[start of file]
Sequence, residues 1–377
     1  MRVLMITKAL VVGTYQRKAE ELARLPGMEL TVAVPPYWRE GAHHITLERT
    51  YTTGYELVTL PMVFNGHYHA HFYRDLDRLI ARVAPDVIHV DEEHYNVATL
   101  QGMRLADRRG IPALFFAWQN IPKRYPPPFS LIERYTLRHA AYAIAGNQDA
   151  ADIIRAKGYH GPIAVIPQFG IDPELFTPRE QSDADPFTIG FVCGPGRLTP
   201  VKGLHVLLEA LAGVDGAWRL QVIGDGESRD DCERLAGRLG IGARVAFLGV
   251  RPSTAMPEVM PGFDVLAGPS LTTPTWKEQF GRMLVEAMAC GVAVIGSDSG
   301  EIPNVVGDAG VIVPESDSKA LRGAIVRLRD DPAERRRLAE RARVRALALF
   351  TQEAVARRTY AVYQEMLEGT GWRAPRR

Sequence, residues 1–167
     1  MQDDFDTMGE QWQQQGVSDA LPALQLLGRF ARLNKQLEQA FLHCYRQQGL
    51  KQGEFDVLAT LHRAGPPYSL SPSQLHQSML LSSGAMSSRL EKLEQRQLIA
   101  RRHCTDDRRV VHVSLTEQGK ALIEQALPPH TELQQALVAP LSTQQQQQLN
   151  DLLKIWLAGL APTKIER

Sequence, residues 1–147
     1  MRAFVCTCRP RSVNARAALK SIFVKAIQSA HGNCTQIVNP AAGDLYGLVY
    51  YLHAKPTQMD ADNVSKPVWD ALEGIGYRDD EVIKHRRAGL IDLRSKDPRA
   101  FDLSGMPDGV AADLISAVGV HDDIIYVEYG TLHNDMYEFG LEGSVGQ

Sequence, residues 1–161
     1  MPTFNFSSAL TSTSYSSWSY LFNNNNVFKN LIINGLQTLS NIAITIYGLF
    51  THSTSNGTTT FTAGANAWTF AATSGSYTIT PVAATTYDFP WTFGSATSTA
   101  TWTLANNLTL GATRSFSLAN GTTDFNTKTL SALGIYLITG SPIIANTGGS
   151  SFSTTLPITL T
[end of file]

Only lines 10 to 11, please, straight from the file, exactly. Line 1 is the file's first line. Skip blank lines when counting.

Sequence, residues 1–167
     1  MQDDFDTMGE QWQQQGVSDA LPALQLLGRF ARLNKQLEQA FLHCYRQQGL